Thursday, August 28, 2008

Spider Sniffing

This week I bought a pretty powerful LED headlight with the hopes of getting some night rides on the mountain bike. But then Dan told me that with a powerful flashlight, you can see spiders at night. It's called spider sniffing and it's really cool, it does work !

You just walk around at night with your light mounted as close to your eyes as possible facing forward and when you look down into a field, you'll see the reflection of spider's retinas from really far away, even small ones. Because they have 8 eyes, chances are one of them is pointing your way and you'll see a reflection.

I managed to get a picture of what it looks like to spot one from far away. Click on the pics to see properly.

The big ones are Huntsman Spiders from what I can tell and the smaller ones are burrowing Wolf Spiders. Both very common in Queensland. The ones in these pictures had sizes ranging from 2cm for the little guys up to 10cm leg-span like this one on the fence.

My setup for these shots was my Canon 60mm EF-S macro, plus diffused flash + LED headlight, so the lighting almost looks like daylight, but these were taken in pitch dark.

Notice the two outer eyes on the top row, they're inside a cavity and facing almost completely backwards!

Mmmm, fuzzy !

Sunday, August 24, 2008

I'm ready for crocodiles !

... little ones.

You might have already read our big blog posting about our holiday in Port Douglas, but I kept this picture for this blog because it's funny and it fits nicely with my critter theme.

Poor little guy was pretty cold. I guess they have to be to stand still for pictures.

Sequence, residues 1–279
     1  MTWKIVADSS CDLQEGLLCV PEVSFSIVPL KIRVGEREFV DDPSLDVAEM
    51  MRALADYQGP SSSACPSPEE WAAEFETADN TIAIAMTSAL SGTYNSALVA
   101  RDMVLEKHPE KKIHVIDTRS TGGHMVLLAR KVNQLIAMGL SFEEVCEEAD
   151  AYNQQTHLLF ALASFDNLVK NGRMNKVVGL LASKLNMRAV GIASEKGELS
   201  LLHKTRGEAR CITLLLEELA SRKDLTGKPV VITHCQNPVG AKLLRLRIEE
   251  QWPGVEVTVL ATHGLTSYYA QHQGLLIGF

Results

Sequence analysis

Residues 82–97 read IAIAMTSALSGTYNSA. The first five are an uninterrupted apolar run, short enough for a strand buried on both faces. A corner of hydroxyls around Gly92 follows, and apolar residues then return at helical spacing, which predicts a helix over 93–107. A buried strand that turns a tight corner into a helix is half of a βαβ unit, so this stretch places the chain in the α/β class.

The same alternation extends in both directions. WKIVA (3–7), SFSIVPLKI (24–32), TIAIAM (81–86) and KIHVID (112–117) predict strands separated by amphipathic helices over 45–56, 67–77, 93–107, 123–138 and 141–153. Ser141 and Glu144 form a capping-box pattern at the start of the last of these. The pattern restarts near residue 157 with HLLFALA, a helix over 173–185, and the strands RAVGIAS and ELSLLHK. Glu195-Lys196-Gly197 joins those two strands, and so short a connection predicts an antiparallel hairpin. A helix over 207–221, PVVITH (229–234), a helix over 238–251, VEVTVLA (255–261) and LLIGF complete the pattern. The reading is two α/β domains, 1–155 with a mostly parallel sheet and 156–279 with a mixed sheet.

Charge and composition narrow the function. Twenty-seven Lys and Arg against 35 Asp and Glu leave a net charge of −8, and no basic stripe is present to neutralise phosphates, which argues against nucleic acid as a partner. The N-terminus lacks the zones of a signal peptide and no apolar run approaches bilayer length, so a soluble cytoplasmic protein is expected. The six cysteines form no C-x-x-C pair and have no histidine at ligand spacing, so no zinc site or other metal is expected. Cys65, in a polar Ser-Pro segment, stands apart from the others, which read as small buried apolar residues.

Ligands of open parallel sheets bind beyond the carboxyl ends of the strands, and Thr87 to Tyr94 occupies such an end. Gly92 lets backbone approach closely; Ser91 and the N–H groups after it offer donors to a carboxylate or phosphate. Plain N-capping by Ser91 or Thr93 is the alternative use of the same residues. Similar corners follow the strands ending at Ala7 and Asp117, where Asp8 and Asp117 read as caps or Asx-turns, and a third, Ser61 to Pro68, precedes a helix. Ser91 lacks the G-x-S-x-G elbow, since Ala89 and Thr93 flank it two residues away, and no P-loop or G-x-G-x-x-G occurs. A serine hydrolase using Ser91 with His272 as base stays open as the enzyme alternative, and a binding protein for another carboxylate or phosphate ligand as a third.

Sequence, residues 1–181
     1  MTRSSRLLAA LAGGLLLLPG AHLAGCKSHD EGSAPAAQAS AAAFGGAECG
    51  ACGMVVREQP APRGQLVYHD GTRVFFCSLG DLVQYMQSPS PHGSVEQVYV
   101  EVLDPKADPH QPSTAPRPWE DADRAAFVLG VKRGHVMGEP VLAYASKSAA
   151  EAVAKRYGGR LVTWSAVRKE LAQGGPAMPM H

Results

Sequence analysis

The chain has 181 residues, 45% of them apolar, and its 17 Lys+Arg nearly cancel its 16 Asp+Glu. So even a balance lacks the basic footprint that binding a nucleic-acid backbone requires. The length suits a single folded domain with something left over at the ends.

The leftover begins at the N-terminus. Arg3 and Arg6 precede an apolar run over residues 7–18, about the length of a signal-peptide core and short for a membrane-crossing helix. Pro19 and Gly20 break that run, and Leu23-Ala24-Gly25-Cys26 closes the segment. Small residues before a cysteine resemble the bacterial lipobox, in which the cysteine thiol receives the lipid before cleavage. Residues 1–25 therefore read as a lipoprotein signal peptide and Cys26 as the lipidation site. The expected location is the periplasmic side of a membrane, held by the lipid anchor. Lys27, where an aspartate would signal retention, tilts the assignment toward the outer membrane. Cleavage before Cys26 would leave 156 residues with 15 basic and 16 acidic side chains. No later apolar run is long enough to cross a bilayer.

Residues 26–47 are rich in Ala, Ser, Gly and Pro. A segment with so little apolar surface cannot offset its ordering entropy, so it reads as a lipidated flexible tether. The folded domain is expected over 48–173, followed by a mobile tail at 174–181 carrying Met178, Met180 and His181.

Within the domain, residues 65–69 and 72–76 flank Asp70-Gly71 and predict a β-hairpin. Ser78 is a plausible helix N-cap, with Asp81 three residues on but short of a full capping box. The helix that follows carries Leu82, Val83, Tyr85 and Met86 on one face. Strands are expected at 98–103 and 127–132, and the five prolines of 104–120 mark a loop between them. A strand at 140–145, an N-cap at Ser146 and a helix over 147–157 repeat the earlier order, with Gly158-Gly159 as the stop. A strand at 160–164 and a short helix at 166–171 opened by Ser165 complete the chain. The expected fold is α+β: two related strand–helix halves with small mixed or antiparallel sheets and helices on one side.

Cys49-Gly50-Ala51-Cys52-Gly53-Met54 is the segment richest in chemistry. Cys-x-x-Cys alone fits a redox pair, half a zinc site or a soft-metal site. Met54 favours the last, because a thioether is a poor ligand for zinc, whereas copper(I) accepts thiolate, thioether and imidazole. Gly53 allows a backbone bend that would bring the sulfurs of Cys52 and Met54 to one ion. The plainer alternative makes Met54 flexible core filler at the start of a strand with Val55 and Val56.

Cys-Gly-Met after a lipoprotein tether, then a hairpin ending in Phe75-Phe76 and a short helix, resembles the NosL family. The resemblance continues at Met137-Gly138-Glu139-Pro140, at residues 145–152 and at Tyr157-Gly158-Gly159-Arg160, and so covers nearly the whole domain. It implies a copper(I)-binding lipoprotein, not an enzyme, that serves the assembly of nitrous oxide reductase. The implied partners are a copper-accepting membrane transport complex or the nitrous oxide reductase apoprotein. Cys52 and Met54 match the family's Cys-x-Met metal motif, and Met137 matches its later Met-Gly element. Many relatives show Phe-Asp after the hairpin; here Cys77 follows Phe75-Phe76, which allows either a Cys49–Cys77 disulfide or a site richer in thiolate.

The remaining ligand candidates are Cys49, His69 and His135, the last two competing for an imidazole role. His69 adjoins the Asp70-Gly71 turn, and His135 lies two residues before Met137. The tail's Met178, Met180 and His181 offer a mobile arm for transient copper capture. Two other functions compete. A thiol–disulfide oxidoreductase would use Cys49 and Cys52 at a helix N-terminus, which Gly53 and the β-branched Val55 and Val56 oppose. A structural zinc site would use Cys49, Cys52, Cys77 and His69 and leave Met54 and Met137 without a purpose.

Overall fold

Tuesday, August 5, 2008

Wild Bird Feeding


As you may or may not realize, it's winter here. Which means the reptiles and insects are pretty rare on these cold(ish) days. But the birds don't care, actually they're probably having a harder time finding food by themselves and are happy to fill the critter-picture void created by the "cold" season. (FYI nights are 8degC, days 22degC, harsh :-p )

The parrots we get coming around to our bird feeder are wild. Some don't mind us being outside as I'm sure they're used to the sight of people, but they aren't tame by any stretch. So I'm happy to say that after many weeks of getting closer and closer to them with limited success, we finally earned their trust enough to let us feed them "by hand". Ok, they're not exactly perched on my shoulders or eating out of my hand just yet, but still ... one small step ... and hey, I was really excited to be that close to them.

The feeding line up

A happy cockatoo and a happy gecko hunter!

Clo gets in on the action

Extra trivia: Did you know the Crocodile Hunter was afraid of parrots ? Here's a excerpt from a Larry King interview that explains why:

[Irwin is holding a Macaw parrot and explaining why it's endangered]

KING: I thought you were afraid of parrots.

IRWIN: I am. You might see my head's way back, and I'm shaking like a leaf.

KING: Because?

IRWIN: Have a look at that beak.

KING: Have you been bit by a parrot?

IRWIN: I've had a lot of nasty bites by parrots, and it hurts. I set up a big wildlife hospital at Australia Zoo. In fact, it's the biggest wildlife hospital in Australia. And last month, we had 80 koalas come through and 27 parrots and, I think, 13 of those bit me.